Non-syndromic pituitary gigantism can result from AIP mutations or the recently identified Xq26.3 microduplication causing X-linked acrogigantism (XLAG). Within Xq26.3, GPR101 is believed to be the causative gene, and the c.924G > C (p.E308D) variant in this orphan G protein-coupled receptor has been suggested to play a role in the pathogenesis of acromegaly.We studied 153 patients (58 females and 95 males) with pituitary gigantism. AIP mutation-negative cases were screened for GPR101 duplication through copy number variation droplet digital PCR and high-density aCGH. The genetic, clinical and histopathological features of XLAG patients were studied in detail. 395 peripheral blood and 193 pituitary tumor DNA samples from acromegaly patients were tested for GPR101 variants.We identified 12 patients (10 females and 2 males; 7.8 %) with XLAG. In one subject, the duplicated region only contained GPR101, but not the other three genes in found to be duplicated in the previously reported patients, defining a new smallest region of overlap of duplications. While females presented with germline mutations, the two male patients harbored the mutation in a mosaic state. Nine patients had pituitary adenomas, while three had hyperplasia. The comparison of the features of XLAG, AIP-positive and GPR101&AIP-negative patients revealed significant differences in sex distribution, age at onset, height, prolactin co-secretion and histological features. The pathological features of XLAG-related adenomas were remarkably similar. These tumors had a sinusoidal and lobular architecture. Sparsely and densely granulated somatotrophs were admixed with lactotrophs; follicle-like structures and calcifications were commonly observed. Patients with sporadic of familial acromegaly did not have an increased prevalence of the c.924G > C (p.E308D) GPR101 variant compared to public databases.In conclusion, XLAG can result from germline or somatic duplication of GPR101. Duplication of GPR101 alone is sufficient for the development of XLAG, implicating it as the causative gene within the Xq26.3 region. The pathological features of XLAG-associated pituitary adenomas are typical and, together with the clinical phenotype, should prompt genetic testing.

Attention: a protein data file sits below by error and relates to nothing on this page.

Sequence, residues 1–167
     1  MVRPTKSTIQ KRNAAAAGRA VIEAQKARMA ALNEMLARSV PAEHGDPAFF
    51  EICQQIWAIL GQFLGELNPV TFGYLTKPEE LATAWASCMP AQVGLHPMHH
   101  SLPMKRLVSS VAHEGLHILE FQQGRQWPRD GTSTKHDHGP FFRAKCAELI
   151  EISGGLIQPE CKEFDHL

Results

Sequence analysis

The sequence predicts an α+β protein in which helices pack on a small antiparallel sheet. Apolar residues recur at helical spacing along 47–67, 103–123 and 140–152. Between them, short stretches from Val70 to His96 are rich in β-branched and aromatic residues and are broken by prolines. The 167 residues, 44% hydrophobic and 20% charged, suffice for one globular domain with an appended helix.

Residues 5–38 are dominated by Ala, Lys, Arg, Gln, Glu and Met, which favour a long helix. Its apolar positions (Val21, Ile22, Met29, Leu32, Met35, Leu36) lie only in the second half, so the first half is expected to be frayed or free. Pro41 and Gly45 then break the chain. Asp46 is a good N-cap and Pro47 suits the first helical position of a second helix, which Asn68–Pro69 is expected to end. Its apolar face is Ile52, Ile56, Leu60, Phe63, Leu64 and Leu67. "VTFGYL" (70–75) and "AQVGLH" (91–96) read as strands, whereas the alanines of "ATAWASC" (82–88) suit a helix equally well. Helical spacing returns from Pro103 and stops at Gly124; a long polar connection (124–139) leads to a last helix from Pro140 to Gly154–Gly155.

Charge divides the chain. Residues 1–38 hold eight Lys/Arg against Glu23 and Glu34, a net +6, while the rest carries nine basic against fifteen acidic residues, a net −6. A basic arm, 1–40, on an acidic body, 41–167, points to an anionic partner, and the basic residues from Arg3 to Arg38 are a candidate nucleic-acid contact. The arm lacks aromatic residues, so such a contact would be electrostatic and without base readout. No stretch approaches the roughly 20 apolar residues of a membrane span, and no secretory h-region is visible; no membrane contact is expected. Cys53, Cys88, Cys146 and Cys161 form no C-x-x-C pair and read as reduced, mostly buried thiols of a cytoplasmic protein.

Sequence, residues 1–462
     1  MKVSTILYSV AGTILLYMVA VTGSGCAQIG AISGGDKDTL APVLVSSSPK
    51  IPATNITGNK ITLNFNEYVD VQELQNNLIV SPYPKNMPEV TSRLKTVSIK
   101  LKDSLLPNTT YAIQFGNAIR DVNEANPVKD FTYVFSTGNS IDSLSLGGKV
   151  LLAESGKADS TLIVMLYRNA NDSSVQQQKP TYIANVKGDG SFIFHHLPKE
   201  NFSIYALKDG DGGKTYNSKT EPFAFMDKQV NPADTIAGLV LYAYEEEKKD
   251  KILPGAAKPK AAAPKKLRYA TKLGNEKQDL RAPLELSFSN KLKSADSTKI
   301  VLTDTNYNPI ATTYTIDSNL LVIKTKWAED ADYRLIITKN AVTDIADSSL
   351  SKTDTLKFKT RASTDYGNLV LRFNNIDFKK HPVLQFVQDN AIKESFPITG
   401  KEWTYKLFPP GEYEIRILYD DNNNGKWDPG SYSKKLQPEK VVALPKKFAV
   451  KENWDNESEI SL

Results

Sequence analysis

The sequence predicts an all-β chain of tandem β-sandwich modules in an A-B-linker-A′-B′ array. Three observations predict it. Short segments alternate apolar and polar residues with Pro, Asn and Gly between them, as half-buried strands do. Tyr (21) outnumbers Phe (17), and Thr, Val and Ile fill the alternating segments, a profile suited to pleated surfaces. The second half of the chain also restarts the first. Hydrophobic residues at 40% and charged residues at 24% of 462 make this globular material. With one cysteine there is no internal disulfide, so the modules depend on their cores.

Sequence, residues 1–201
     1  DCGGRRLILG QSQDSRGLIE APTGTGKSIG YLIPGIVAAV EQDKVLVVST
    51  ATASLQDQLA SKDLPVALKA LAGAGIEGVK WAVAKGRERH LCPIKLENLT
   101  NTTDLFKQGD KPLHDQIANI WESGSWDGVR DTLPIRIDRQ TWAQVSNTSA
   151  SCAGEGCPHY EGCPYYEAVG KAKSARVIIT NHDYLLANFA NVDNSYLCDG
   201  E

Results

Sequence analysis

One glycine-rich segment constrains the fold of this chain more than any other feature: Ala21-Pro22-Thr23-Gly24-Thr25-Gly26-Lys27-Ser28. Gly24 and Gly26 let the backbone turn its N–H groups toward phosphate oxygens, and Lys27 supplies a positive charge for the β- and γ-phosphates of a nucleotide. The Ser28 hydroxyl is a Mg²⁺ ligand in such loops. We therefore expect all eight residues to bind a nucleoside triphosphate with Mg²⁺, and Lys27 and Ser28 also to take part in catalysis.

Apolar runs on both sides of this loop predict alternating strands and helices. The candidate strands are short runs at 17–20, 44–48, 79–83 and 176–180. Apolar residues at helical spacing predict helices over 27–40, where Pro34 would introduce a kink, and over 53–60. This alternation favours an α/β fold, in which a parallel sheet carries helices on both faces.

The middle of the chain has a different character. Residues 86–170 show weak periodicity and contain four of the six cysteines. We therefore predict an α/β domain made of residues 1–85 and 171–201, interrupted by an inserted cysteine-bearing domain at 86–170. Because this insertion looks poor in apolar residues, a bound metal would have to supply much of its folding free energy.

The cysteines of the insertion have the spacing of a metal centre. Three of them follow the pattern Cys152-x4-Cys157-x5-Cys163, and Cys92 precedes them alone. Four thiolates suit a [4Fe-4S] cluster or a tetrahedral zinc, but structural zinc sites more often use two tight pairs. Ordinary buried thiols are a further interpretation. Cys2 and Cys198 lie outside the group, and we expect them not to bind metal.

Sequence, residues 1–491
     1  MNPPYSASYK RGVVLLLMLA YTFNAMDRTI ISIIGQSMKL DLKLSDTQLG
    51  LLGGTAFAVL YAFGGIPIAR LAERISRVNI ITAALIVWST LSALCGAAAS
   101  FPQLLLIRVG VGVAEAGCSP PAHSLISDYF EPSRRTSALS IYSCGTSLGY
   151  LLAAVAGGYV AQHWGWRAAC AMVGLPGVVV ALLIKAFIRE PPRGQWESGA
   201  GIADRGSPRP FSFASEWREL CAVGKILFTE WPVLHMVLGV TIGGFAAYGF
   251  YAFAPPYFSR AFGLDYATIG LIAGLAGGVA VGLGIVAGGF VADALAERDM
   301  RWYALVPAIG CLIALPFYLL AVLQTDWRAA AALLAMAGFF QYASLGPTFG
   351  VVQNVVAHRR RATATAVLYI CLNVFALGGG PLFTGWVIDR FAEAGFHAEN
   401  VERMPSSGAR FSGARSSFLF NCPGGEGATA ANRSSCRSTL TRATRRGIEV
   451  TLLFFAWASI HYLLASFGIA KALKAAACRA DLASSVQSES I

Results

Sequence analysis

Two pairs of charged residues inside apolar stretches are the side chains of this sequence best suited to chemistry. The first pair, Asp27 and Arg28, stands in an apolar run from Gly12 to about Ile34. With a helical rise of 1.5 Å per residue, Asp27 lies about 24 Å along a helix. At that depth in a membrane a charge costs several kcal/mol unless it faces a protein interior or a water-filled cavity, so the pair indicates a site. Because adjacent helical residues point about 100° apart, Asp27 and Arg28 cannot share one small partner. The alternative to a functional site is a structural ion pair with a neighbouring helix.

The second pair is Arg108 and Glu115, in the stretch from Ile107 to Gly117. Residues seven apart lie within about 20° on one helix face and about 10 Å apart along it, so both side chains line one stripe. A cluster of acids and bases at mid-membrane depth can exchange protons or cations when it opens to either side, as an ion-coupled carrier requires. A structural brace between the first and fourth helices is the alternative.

Twitter Demographics